Alcohol addiction, also known as alcoholism, is marked by a craving for alcohol and the inability to stop drinking—even when it causes extreme personal or social harm. Signs of an alcohol addiction include frequently drinking more than intended, wanting to stop drinking but being unable to, developing a tolerance to alcohol, feeling symptoms of withdrawal when stopping, letting personal and professional responsibilities flounder in favour of drinking and spending an extreme amount of time trying to get and drink alcohol.

In addition, a mental obsession joins the physical craving for alcohol. Under the influence of alcohol, the drinker will become distracted with thoughts of alcohol (i.e. Do I have enough? Is anyone noticing how much I’m drinking? Why isn’t my friend drinking the same as me? Can I drive without someone telling me not to? What did I do last night? … the list goes on and on).

The effects of alcoholism on family, colleagues and friends can be devastating. Many professionals call alcoholism a “family disease” because of the impact that ripples through members of the user’s family. Untreated alcoholism is a major factor in relationship break-ups, as well as many cases of domestic disturbance and violence.

High-Functioning Alcoholics

There is a specific class of alcoholism known as high-functioning alcoholism. People who are high-functioning alcoholics are capable of keeping their alcoholism from interfering in their professional and personal lives for a period of time.

A New York Times article estimated that as many as half of all alcoholics are high-functioning alcoholics. Lawyers, accountants, professors and doctors make up a large portion of these individuals.

High-functioning alcoholics rarely recognize they have a problem until they face severe alcohol-related consequences. The danger of high-functioning alcoholism is that it can continue for years without a person ever recognizing they have a problem.

Signs of Alcohol Abuse

Alcohol abuse is defined as any use that causes negative consequences to the user. This encompasses health effects, such as bad hangovers and alcohol-induced accidents, as well as social effects, such as doing or saying regrettable things while intoxicated. Just because someone abuses alcohol, does not mean they are dependent on or addicted to alcohol, but it is generally the first step towards the development of an issue later.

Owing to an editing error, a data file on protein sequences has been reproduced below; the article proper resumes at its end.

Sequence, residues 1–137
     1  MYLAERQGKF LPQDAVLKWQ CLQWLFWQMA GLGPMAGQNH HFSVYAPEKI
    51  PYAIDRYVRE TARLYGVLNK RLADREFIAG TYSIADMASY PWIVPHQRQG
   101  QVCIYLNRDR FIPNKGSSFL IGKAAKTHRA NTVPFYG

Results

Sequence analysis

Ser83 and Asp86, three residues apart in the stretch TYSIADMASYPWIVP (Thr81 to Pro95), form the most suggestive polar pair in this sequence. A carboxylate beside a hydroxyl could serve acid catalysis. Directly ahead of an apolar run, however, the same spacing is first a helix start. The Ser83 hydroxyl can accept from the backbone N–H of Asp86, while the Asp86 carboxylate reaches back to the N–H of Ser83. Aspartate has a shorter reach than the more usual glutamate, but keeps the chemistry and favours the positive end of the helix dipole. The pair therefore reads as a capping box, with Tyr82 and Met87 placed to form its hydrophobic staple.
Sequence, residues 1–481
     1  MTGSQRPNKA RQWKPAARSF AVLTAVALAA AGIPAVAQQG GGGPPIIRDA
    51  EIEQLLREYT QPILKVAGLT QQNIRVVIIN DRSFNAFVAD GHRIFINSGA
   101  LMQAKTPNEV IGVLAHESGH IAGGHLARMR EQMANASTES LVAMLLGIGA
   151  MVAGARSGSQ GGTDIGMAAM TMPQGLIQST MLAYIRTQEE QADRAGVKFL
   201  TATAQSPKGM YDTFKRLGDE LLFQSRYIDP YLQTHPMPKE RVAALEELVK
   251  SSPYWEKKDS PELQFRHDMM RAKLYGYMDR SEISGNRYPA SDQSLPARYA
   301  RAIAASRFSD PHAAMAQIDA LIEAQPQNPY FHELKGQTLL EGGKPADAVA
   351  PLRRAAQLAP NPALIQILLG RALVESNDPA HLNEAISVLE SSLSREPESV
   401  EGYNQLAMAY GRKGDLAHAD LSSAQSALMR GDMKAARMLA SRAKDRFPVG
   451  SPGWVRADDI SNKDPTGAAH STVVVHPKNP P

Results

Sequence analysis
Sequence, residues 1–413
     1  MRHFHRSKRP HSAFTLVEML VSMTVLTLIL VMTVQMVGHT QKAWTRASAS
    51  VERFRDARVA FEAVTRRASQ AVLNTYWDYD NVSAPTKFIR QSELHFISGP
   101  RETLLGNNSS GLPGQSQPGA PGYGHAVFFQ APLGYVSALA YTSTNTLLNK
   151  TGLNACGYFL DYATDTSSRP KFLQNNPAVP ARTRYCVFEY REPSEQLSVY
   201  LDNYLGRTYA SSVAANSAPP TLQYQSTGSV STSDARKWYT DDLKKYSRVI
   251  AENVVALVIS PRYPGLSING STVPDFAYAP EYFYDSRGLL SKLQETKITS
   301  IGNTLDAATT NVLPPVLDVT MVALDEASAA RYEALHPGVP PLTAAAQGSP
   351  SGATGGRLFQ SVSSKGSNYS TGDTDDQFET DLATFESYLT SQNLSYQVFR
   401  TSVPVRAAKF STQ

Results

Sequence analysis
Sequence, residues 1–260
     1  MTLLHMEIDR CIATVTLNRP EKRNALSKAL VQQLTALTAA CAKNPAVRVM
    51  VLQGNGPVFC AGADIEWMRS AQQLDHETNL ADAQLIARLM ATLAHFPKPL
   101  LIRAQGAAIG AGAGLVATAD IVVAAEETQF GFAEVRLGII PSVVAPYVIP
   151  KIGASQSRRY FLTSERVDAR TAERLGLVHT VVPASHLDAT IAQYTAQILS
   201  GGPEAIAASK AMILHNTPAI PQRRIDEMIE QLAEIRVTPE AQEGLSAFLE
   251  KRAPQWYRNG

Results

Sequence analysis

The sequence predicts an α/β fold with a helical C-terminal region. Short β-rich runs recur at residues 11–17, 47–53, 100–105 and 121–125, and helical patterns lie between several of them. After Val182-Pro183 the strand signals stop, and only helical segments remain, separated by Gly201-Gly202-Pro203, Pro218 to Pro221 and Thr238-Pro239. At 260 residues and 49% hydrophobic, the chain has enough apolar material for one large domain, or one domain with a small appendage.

Binge drinking and alcohol abuse can start in the teenage years or even earlier, though adults and the elderly may pick up the habit too.

Alcoholism often begins in a person’s early 20s and is characterized by frequent heavy drinking. This behaviour leads to an increased tolerance to alcohol and eventually presents social and health problems. Recognizing when someone you care about is abusing alcohol can help you determine if they need help.

Some of the signs of alcohol intoxication include:

  • Slurred speech
  • Bloodshot eyes
  • Lack of coordination
  • Rambling or repetitive statements
  • Difficulty standing up or walking
  • Disorientation
  • Agitation or anxiety
  • Glassy or blank stares

The Dangers of Alcohol Abuse

Many people don’t recognize the damaging effects of alcohol because it is so prevalent in society. Whether it’s having one too many drinks at happy hour after work one night or developing a pattern of frequent binge drinking, the effects of alcohol can be seen across the country in many forms. Long-term abuse of alcohol takes a serious toll on the brain and body, as every organ is affected by it. Certain organs, such as the liver and the brain, are affected more than others.

Although many people drink to feel buzzed, the ramifications of alcohol abuse can persist long past the initial period of intoxication. Short-term side effects of alcohol abuse can include:

  • Trouble breathing
  • Impaired judgment
  • Headaches
  • Blackouts
  • Nausea
  • Distorted vision and hearing

Long-term effects of alcohol abuse are more serious and can include irreversible damage that could lead to death. Some of the common long-term effects of alcoholism include:

  • Depression
  • Permanent brain damage
  • Psoriasis
  • Anxiety disorders
  • Neurological impairment
  • Cirrhosis of the liver
  • Chronic pancreatitis
  • Hand tremors
  • Compromised immune system
  • High blood pressure
  • Sexual problems
  • Nerve damage
  • Vitamin B1 deficiency
  • Malnutrition
  • Gastritis
  • Unintentional injuries such as car crashes, falls, burns, and drowning